Blog,  Travel

Cuba – Part I

Hello all,

I decided to split my travel around Cuba in 2 parts – the first, where I was travelling alone and the second, where I was travelling with my dear friend Paula.

I went at the beginning of April, which was the end of “winter”. It was warm, but not too hot and it wasn’t very green, as the rain season hadn’t started yet. For everyone, who wants to see a green Cuba, I’d say go up until February (for the tobacco plantation) or in Summer, when it’s raining regularly – the day after the rain, everything is in bloom.

La Habana (the first)

My first few nights alone, I spent in La Habana – what a huge city!! La Habana is not only big, though. It’s loud, chaotic and you can barely find a supermarket or a place to simply buy some bread or water. They’re all tucked away from the tourists eyes, hiding out behind shut windows or in, what we’d say, are dodgy corners.

Nevertheless, La Habana, is also beautiful. You can hear music in a lot of places, see people dancing or someone smoking a cigar. Though, the afternoon is the time, when it really gets interesting – as soon as the sunset starts, you should go to the Malecon.

The Malecon is an 8 kilometre long stretch along the seaside of La Habana and as soon as the sun sets, everyone’s meeting right there. You’ll see young people – dancing, listening to Salsa & Reaggeton and simply enjoying life.

At this point, I want to recommend my Casa Particular (the Cuban version of Air Bnb). I stayed at Casa Reina y Paco. Reina is by far, the most lovely host, I have met on my travels. Not only did she take care of me, when I arrived sick at her house, she helped me after my stay, when I had troubles with taxis or other casas. The breakfast at her house was amazing and the location, just outstanding. Her housekeeper was extremely lovely as well and she took me in, as if I were her daughter. She showed me, how to cook typical Cuban food, sang for me (she was once a famous singer) and told me about Cuban life – thanks Mauren!

As words can’t describe it; here are some pictures (all taken from the inside of the house): 

At this point, I want to recommend my Casa Particular (the Cuban version of Air Bnb). I stayed at Casa Reina y Paco. Reina is by far, the most lovely host, I have met on my travels. Not only did she take care of me, when I arrived sick at her house, she helped me after my stay, when I had troubles with taxis or other casas. The breakfast at her house was amazing and the location, just outstanding. Her housekeeper was extremely lovely as well and she took me in, as if I were her daughter. She showed me, how to cook typical Cuban food, sang for me (she was once a famous singer) and told me about Cuban life – thanks Mauren!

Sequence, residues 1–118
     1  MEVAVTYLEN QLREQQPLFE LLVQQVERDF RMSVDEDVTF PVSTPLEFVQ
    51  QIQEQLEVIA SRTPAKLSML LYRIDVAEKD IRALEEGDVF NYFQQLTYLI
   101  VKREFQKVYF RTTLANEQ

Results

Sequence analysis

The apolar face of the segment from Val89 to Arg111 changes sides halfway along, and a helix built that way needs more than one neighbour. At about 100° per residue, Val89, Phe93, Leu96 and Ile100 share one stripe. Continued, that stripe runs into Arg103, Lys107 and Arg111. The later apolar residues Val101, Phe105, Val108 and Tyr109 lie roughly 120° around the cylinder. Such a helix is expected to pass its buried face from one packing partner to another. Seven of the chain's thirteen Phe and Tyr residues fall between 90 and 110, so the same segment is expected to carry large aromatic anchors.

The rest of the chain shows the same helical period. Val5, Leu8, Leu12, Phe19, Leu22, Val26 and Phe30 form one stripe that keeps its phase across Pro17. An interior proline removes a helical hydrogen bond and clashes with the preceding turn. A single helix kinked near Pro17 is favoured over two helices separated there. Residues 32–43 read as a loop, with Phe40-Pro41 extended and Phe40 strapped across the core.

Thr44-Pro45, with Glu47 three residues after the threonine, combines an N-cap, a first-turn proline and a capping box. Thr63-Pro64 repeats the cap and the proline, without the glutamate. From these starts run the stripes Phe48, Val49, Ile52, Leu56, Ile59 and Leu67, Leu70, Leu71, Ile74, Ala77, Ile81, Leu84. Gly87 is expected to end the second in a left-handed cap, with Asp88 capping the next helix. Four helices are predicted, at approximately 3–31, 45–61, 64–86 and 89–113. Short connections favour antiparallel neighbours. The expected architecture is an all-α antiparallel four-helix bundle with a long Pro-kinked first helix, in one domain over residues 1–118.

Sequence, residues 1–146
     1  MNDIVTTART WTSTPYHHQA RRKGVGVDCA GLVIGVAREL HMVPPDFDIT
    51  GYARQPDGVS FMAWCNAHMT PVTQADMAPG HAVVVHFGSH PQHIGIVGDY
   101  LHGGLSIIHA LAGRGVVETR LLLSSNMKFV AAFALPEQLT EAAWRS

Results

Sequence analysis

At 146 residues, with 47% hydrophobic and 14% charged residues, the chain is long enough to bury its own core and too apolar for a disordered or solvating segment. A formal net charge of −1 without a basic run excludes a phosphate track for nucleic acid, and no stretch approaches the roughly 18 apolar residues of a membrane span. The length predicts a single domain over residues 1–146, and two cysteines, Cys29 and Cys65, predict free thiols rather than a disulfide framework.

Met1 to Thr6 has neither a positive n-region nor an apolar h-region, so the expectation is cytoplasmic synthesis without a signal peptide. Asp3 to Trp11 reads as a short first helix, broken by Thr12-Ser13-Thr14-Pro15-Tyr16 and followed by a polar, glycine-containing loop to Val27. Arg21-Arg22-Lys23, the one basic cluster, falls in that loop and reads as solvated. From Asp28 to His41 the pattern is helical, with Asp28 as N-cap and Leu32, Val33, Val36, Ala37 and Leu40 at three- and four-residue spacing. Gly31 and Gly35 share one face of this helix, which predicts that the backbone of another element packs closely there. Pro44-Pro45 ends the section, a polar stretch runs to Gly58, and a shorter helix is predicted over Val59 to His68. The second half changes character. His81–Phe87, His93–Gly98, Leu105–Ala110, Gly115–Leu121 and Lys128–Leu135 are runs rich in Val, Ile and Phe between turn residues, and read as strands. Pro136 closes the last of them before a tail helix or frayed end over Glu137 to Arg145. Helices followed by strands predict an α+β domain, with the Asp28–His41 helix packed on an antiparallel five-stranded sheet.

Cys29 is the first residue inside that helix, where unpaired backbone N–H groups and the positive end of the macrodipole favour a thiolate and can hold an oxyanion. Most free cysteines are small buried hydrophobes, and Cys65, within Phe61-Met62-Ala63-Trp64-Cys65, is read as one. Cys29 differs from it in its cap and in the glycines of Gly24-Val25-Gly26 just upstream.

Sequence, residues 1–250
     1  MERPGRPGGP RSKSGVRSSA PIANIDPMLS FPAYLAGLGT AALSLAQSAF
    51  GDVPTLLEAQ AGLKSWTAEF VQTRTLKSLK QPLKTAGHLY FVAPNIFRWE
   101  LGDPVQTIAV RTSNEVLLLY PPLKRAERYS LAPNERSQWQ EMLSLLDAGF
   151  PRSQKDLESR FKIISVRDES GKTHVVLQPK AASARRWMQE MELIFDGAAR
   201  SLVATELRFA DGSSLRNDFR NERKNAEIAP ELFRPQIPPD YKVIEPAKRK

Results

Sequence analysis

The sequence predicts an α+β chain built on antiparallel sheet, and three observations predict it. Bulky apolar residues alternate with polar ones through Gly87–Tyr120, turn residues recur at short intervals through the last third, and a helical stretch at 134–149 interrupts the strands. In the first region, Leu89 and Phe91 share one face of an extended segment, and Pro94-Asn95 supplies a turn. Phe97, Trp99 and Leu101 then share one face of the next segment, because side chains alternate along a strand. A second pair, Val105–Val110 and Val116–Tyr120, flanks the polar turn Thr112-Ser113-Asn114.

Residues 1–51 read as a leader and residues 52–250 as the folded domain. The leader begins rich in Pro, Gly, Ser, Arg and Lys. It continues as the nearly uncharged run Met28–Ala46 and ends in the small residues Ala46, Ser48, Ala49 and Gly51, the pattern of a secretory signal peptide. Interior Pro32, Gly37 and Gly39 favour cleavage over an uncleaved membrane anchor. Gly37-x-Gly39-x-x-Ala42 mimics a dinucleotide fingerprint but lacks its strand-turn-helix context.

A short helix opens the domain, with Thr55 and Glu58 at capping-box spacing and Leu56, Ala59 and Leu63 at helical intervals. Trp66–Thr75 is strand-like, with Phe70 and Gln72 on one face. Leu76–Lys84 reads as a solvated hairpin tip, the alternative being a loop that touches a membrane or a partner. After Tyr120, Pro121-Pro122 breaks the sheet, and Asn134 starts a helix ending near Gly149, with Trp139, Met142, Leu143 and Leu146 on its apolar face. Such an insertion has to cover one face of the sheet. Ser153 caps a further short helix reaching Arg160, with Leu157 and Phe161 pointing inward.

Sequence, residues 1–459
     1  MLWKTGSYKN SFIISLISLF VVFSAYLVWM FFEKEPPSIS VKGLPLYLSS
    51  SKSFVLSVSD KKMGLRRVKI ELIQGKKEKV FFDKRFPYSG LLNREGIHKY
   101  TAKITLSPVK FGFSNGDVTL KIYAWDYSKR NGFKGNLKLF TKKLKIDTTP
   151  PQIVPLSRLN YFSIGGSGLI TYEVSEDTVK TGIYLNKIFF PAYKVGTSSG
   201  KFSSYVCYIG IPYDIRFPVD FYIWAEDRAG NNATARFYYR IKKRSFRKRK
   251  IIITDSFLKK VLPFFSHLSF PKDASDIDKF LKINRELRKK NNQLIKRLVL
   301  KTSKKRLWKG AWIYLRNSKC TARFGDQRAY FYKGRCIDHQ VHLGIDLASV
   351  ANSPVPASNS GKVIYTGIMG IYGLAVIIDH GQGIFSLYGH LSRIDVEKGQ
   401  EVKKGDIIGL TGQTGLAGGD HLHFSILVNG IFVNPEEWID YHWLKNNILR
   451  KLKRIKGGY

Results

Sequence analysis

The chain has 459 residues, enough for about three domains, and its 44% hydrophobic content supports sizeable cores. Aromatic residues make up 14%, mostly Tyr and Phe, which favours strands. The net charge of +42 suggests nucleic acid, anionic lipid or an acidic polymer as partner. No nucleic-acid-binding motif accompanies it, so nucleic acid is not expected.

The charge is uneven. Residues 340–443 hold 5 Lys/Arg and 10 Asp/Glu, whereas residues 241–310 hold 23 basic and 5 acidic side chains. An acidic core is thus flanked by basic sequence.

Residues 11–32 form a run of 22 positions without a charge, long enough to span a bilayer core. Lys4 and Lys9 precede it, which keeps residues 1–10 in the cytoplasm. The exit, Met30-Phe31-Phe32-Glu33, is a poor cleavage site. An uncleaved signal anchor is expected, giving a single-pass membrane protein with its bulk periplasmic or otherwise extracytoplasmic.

As words can’t describe it; here are some pictures (all taken from the inside of the house): 

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In the future, you will be able to book Casa Reina & Paco through my website. This part is currently being set up. I will let you know, as soon as the function is up and running. 

Viñales

From La Habana, I went straight to Viñales – which is about a 2-3 hour “taxi” ride away towards the west.

I met a lovely girl from Israel on the way and as it turned out, we were staying at the same Casa Particular in Viñales – lucky me! 

Danielle and me spent the first afternoon visiting the Cuevas de Santo Tomas. It was absolutely NOT worth it. If you’ve NEVER seen stalagmites/stalactites, go – if you HAVE seen some before, you won’t enjoy it. 

The next morning, we went off for a guided horse tour (everything here seems to be done with a horse). Classic touristy tour – we went to visit a coffee and a tobacco plantation. I won’t lie – it was cool, but I expected more. There were groups arriving every few minutes and we felt, as if we were just one in a million – we rushed through the different stops and it just felt like a huge money making institution from the government. And as we learned it was – 90% of the income from the farms goes to the government, which is so much, I still can’t comprehend it, if I’m honest. This means, the whole family has to live from 10% of the income – that’s just insane. Especially, because they were all lovely. You saw 3-4 generations living together and welcoming us, brothers, sisters, cousins, children, grandparents – they were all living & working there together!

The next day, Danielle and I booked another tour; someone in our Casa told us, there was a cave and some lakes, where we could take a bath and we were SO up for a swim.

Unfortunately, that time of the year, there’s no water in the lake, which we were told, once we arrived at the starting point of the tour. They initially wanted to take us again to the tobacco farm – which obviously we didn’t want to. We agreed, to will see Los Tres Valles de Vinales (the three valleys of Vinales). It was a beautiful trip and we were the only ones on the tour – meaning we got a lot of insight! 

Initially, I wanted to do some proper hiking, but I hadn’t really gotten used to the climate yet.

We, also, saw a few other people renting a motorbike or bicycles, but we weren’t really organised enough to get that done. 

All in all, I think Vinales is absolutely beautiful, but very touristy (even the bars & restaurants are touristy – you barely see cubans around). If you want to escape the tourists and simply focus on the surroundings, take a bike or prepare yourself for a hike and check out the valleys by foot and without a guide. Take your time and walk the way you want to – maybe tucked away from the typical routes, so you’ll discover something untouched and exciting. 

As I’m having some issues with my camera, there are only a few photos from my iPhone here. I hope I’ll get that sorted soon and I will upload more pictures and part 2 of my holidays in Cuba. 

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